If you’re a newly-qualified driver, you’re probably eager to get out on the open road for a proper journey. What better way to embrace your new found freedom than by taking a road trip?

There really is no better way to explore Britain than by road and no better way to build up your driving confidence. For the inexperienced driver it might sound daunting, but don’t be put off by the challenge. We’re here to help you, even after you’ve passed your test! Read on for our top tips on preparing for a road trip as a new driver.

In Norfolk, we do different

Norfolk is a great place to learn to drive. This is because we have a good mix of fast roads and quieter spaces. It’s quick and easy to switch between urban and rural driving.

Learner drivers in Norfolk are able to fit a wide range of different driving conditions into a single lesson, if they wish. There are also plenty of quiet spots, which makes it an ideal place for private practice too.

But whilst the Norfolk road network is varied, it’s very different to the more heavily built-up parts of Britain. Freshly-qualified Norfolk drivers can face a baptism of fire when they first venture outside Nelson’s county.

Develop a plan to minimise stress

You might be feeling apprehensive or even extremely nervous about your first long-distance journey. You can keep nerves under control by being prepared. Every road trip requires a bit of planning, even if you’re an experienced driver. Now is a great opportunity to get into the habit of planning for road journeys.

There are already some great guides on how to plan for a road trip, including one with a distinctly British angle, so we won’t repeat what’s already been written. If you’d like to plan a more interesting itinerary, you might find the excellent RoadTrippers.com worth a look.

Plan for toll roads

We don’t have toll roads in Norfolk. Luckily, there aren’t that many in the UK in general. But there are a few you’ll likely come across, such as both Severn Crossings and the infamous Dartford Crossing.

The way that tolls are paid can vary. While some tolls need to be paid with cash or card at the point of entry, others can be paid online either in advance or after you’ve completed your journey.

As part of planning for your trip, refer to this Gov.uk page on toll roads to figure out whether your route will include any tolls and how to pay for them.

Expect heavy traffic and congestion

We have our fair share of congestion black spots in Norfolk as anyone who drives around Norwich inner ring road during rush hour will attest. However, as Norfolk isn’t on the way to anywhere else, we are lucky to have substantially less through traffic than many other parts of Britain.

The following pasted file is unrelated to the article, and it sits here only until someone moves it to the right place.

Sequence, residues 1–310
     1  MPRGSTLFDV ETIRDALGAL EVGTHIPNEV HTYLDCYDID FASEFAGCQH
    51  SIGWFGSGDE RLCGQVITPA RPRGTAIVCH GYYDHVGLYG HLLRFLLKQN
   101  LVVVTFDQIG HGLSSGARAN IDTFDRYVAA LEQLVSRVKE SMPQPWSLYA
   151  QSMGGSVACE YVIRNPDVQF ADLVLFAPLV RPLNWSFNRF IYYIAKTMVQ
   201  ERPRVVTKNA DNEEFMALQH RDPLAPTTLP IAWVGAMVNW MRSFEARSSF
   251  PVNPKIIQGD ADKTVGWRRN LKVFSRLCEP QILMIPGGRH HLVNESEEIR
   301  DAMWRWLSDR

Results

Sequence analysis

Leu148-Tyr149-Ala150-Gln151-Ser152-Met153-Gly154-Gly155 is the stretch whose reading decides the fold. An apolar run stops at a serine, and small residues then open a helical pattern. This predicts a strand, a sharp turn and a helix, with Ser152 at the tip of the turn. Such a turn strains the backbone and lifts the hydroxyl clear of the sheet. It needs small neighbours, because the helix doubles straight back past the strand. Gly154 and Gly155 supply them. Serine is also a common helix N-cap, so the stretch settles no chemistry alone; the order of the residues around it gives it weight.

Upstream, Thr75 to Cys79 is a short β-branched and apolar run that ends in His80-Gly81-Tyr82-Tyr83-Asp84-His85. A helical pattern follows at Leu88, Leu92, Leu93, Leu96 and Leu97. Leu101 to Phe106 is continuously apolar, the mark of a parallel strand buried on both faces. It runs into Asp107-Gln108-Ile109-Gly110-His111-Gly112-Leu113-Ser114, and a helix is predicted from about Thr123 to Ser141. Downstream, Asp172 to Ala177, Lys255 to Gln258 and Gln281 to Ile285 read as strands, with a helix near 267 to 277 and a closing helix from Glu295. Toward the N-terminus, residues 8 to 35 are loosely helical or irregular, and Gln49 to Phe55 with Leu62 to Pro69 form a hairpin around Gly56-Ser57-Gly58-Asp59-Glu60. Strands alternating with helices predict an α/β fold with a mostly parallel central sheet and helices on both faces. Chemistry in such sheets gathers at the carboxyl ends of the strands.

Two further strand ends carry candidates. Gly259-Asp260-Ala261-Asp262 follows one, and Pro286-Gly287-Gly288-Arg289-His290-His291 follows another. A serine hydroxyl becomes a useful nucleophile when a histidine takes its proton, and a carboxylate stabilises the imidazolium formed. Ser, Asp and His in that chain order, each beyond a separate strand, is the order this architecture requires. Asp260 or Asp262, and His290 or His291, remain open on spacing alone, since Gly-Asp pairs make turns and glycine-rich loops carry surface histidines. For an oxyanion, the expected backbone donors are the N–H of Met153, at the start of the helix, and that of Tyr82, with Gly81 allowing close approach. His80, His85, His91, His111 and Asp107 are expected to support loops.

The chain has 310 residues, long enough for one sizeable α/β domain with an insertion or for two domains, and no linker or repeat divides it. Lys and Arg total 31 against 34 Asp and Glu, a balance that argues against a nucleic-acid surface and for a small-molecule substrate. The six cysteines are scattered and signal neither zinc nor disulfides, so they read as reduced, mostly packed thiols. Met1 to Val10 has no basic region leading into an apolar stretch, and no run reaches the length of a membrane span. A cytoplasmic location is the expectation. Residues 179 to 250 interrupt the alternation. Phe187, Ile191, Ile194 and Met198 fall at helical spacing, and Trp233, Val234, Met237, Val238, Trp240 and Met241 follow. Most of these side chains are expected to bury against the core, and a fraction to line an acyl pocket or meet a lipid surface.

If you’re driving to London (where you’ll find six out of ten of the UK’s most congested roads), you’ll run into stop-start traffic on a regular basis. When driving in heavy traffic, you might find the following tips helpful:

  • Try to stay calm and be patient. Getting angry will increase the chances of you making a mistake.
  • Only use the horn to make others aware of your presence. Using it as a weapon might distract other drivers or put them under undue pressure that could lead them into making a dangerous mistake. At worst, you could make them turn violent.
  • Instead of assuming everyone else on the road is an idiot, try assuming that they are only acting with the best intentions. This psychological trick is a great way to calm your mind.
  • Take a deep breath, relax and wait your turn. You will get there eventually.
  • However bad things get, remember to be grateful. At least it’s not a 50-lane traffic jam.

Be prepared to drive on high speed roads

Norfolk is one of the few counties in the U.K. without a motorway. As motorway driving is not included in the driving test, your first road trip might also include your first motorway trip.

The driving experience on the major British motorways is dramatically different compared to the relatively short sections of dual carriageway in Norfolk. It won’t be at all unusual for you to find yourself on sections of road with 4 or more lanes going in each direction. There will be a lot more signs to read, a lot more traffic to be aware of, and everything will seem to move at a much faster pace.

Driving on the motorway can be daunting at first, but remember that the rural roads you might be used to driving on in Norfolk are statistically more dangerous. Here are a few important things to remember:

  • Check your mirrors regularly, and remember your mirror signal manoeuvre routine before you attempt any kind of manoeuvre.
  • Always check your blind spots before changing lanes.
  • Stay in the left-hand lane. It might seem obvious but unless you are overtaking, you should be in the left-most lane.
  • Sadly, it won’t be unusual to see other drivers breaking the speed limit by quite some margin. Don’t feel pressured into driving faster than you are comfortable with – it’s not a race and you won’t be impressing anybody by ‘winning’.
  • Take regular breaks. You should take a 15 minute break every two hours. This applies equally to driving on any road type.

Improve your driving skills before your trip

If you’re still feeling nervous about taking a road trip, you might find our Pass Plus course holds the answer. You will be given the opportunity to practise driving on dual carriageways and motorways, as well as an opportunity to improve your driving skills in other areas.

If you’ve already taken Pass Plus or you’d prefer to simply give a specific area of your driving skills a quick tune-up, our refresher driving lessons can be tailored to your needs. If you only want to focus on motorway driving, we can do that for you!

And finally, remember – if you’re planning to take a trip outside of Norfolk, don’t forget your passport! We might not let you back in otherwise ;)